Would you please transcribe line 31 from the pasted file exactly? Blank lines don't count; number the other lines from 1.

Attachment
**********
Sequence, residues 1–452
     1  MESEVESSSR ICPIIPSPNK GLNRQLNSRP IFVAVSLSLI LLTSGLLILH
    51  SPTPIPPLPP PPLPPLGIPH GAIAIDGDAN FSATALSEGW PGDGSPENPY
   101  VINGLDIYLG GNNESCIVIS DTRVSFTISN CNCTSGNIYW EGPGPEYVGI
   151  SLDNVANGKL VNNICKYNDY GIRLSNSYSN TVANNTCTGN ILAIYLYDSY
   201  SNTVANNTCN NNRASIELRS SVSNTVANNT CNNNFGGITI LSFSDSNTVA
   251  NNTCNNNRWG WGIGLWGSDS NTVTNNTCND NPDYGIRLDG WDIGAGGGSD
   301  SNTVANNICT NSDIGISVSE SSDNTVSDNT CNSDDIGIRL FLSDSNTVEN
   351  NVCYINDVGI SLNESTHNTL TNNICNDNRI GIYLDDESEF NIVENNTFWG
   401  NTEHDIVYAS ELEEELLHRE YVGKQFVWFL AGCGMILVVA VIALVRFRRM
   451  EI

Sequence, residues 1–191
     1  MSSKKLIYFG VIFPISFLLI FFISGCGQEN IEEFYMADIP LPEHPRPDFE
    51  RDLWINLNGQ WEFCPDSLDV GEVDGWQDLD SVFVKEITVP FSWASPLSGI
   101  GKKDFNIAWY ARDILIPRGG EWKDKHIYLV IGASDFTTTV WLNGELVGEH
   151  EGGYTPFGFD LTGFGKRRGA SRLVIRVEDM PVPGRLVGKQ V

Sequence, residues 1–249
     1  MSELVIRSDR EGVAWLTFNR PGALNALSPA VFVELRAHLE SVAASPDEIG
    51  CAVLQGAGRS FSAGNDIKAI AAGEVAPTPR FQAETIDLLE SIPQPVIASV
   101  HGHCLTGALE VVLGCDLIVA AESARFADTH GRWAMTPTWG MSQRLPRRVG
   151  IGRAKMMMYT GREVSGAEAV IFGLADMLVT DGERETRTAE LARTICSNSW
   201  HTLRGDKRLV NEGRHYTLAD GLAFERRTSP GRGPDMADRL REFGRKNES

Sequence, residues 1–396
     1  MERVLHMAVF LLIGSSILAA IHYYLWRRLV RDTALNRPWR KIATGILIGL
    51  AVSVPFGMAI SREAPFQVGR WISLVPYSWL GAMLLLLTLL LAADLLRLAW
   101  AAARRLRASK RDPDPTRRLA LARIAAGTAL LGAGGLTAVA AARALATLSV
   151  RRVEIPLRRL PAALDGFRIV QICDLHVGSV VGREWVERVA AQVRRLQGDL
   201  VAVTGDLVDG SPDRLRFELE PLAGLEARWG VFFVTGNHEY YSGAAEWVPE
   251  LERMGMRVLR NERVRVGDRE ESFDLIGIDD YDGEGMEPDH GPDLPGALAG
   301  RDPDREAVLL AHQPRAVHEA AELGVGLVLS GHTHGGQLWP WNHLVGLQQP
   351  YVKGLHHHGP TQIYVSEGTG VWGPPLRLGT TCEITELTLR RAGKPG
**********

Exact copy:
   351  YVKGLHHHGP TQIYVSEGTG VWGPPLRLGT TCEITELTLR RAGKPG